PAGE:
Sri Lanka: ICJ and judges work to counter discrimination in access to justice

The ICJ and a group of Sri Lankan judges have agreed on the importance of taking effective measures to address discrimination and equal protection in accessing justice in the country.

On 6 and 13 March 2021, the ICJ, in collaboration with the Sri Lanka Judges’ Institute (SLJI), organized the National Judicial Dialogue on the Elimination of Discrimination against Women and Enhancing Women’s Access to Justice. This event was organized under the ‘Enhancing Access to Justice for Women in Asia and the Pacific’ project funded by the Swedish International Development Cooperation Agency (SIDA).

Twenty magistrates and District Court judges from around Sri Lanka, with judicial and legal experts from other countries, participated in this judicial dialogue which was conducted virtually due to the COVID-19 pandemic.

The dialogue highlighted how Sri Lankan women continue to face a myriad of challenges including legal, institutional and cultural barriers when accessing justice. Gender biases and discriminatory behaviour prevalent in every aspect of justice delivery needs to be dealt with in order to effectively enhance women’s access to justice.

Boram Jang, ICJ International Legal Advisor remarked that “judiciaries have an important role to play in eliminating gender discrimination in justice delivery as it is a critical component in promoting women’s access to justice. In order to do so, the judges should be equipped with a full understanding of Sri Lanka’s obligations under the CEDAW and other human rights instruments.”

Honorable L. T. B. Dehideniya, Justice of the Supreme Court of Sri Lanka and Executive Director of the SLJI expressed hope that judicial dialogues such as this would “enhance the capacity of participant judges to use the international legal instruments, which Sri Lanka has ratified, in domestic judicial work especially with regard to the elimination of gender inequalities and biases.”

Ms. Bandana Rana, Vice Chair of the CEDAW Committee led a discussion with the judges on the application of the Convention on the Elimination of All Forms of Discrimination Against Women (CEDAW), pointing out that “judges play a pivotal role in identifying the incongruences between existing laws and international human rights standards and ensuring that the full gamut of women’s human rights is retained in line with the CEDAW framework.”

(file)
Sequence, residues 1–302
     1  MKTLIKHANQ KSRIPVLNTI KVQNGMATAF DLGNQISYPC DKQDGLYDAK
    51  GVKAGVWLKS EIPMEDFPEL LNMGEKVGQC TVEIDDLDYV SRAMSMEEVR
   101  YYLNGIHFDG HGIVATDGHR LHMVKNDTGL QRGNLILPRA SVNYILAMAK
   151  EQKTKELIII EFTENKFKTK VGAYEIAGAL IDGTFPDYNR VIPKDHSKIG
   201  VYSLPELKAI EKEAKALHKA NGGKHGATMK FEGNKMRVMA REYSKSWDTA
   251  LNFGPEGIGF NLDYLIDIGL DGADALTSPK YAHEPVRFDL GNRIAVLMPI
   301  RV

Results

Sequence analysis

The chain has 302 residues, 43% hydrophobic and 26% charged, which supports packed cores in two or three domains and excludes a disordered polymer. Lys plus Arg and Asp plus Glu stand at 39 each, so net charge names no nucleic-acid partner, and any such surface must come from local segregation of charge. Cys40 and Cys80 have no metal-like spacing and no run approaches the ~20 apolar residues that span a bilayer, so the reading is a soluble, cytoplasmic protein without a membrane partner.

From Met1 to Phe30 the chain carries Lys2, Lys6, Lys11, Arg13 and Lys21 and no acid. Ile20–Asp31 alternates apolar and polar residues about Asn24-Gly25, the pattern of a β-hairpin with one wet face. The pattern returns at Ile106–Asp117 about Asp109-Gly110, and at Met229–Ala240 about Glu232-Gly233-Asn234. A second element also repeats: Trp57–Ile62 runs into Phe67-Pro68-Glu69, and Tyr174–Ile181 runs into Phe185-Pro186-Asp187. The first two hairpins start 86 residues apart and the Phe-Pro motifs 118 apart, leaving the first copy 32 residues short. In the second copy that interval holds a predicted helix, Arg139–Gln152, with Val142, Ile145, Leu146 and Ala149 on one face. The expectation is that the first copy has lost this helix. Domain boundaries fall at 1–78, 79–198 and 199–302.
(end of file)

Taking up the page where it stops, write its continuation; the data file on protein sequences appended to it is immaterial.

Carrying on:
Justice Ayesha. M. Malik, High Court Judge, Lahore, Pakistan affirmed the importance applying the right to access to justice under international human rights law and suggested strategies for reflecting these international standards in judicial decisions.

Attorney Evalyn Ursua addressed on gender stereotypes and biases in justice delivery and engaged the participants on how these could be effectively eliminated. She stated that “the judiciary as a part of the State has the obligation to eliminate gender discrimination.” She encouraged the judges to use the cultural power of law to change language and attitudes surrounding gender discriminatory behaviour and stigma.

The second day featured a discussion on the specific barriers that women in Sri Lanka face when they access justice. Hon. Shiranee Tilakawardane, former Justice of the Supreme Court of Sri Lanka led a discussion on the role and measures available to the judiciary as an institution to enhance access to justice for Sri Lankan women.

Justice Tilakawardane stated that “While theoretically, the Sri Lankan constitution enshrines equality before the law, in reality women continue to feel disadvantaged when they try to access justice” and added “the Sri Lankan judiciary can empower its women only when it understands, acknowledges and addresses the disadvantages they face owing to their gender.” She impressed upon the participant-judges that “ensuring equality is no longer a choice, nor is it merely aspirational, but a pivotal part of judicial ethics.”

The panelists on the second day surveyed the legal, institutional and cultural challenges faced by women at every step of the judicial process. The panel comprised of Prof. Savitri Goonesekere, Emeritus Professor of Law and Former member of the CEDAW Committee, Mrs. Farzana Jameel, P.C, Additional Solicitor General of the Attorney General’s Department and Mrs. Savithri Wijesekara, Executive Director of Women in Need.


Osama Motiwala, Communications Officer –

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